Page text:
After some hesitation, I finally decided to start with learning Python. I had some hesitations because I am used to R and that is a different kind of cookie. The decision was made easier because I am working on a project with models developed by other colleagues in Python (and Matlab). Furthermore, although Shiny in R is a great way for visualization of results, I got stuck building a combination of results and information. Python offers Dash (some nice examples can be found in the Dash Galley). Another reason is that nowadays you can use Python in your Gams … Read the rest “Good Books for Learning Python”
Jupyter Notebooks are a great way of working with Python and R. You can add your notes in Markdown and write code in a cell that can be evaluated over and over again.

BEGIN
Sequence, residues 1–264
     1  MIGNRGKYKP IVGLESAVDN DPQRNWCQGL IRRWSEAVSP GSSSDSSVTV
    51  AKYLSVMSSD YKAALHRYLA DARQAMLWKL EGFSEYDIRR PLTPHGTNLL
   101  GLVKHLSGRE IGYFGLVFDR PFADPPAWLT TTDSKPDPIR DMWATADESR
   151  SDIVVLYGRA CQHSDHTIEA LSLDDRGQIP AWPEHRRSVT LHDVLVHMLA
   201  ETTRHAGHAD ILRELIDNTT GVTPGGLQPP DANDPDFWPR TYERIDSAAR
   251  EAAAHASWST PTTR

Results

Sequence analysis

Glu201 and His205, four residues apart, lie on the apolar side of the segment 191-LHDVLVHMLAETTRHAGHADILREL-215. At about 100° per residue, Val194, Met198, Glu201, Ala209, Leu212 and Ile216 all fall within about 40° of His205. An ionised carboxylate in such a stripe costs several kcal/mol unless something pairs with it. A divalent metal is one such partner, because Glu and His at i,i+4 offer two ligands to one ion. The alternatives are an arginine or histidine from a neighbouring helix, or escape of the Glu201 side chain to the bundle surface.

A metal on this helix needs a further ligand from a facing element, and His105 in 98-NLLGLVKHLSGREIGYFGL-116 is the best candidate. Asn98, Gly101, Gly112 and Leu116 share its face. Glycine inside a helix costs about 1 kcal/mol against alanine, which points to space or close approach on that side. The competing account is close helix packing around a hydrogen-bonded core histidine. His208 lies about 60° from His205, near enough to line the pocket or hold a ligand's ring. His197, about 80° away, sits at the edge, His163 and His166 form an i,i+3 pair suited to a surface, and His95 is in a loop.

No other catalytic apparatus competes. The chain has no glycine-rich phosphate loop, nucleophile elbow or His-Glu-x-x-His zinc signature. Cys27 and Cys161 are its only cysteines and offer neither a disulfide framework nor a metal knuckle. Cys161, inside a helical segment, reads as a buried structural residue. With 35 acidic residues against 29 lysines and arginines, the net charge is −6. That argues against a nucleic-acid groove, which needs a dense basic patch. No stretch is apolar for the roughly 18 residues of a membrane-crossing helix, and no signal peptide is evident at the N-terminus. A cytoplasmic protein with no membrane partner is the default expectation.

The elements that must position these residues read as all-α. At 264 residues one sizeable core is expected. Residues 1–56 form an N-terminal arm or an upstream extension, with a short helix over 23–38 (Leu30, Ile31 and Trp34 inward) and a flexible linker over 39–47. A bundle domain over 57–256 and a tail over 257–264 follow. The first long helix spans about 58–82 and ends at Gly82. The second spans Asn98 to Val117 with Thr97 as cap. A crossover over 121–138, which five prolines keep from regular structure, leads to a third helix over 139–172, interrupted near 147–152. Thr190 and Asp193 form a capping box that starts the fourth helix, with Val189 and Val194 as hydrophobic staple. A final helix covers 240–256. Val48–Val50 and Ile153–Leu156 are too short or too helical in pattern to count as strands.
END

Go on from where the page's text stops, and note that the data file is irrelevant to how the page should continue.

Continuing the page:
However, one thing I didn’t like is that you have to start (on Windows) the Jupyter Notebook server in the directory where you have your notebook saved. Double-clicking a Jupyter notebook (with the extension ipynb) doesn’t work if you don’t install an additional package. Luckily, there is an easy way to get this working found on Axel’s blog.
I used the following code to enable double-click … Read the rest “Starting your Jupyter Notebook with a double-click”
A good CGE modelers always checks the calibration of a CGE model using a simple trick: If you set the iteration limit of the model to zero and you try to solve the model, GAMS should find a solution if you correctly initialized and wrote down your model equations with the use of the benchmark data. Often, the calibration is not done properly and this can be seen (using the iteration set to zero) by looking at the infeasibilities of the equations and the variables.
If you use MPSGE to write down your model, the infeasibilities are easily interpreted. If … Read the rest “Looking for infeasibilities in Gams”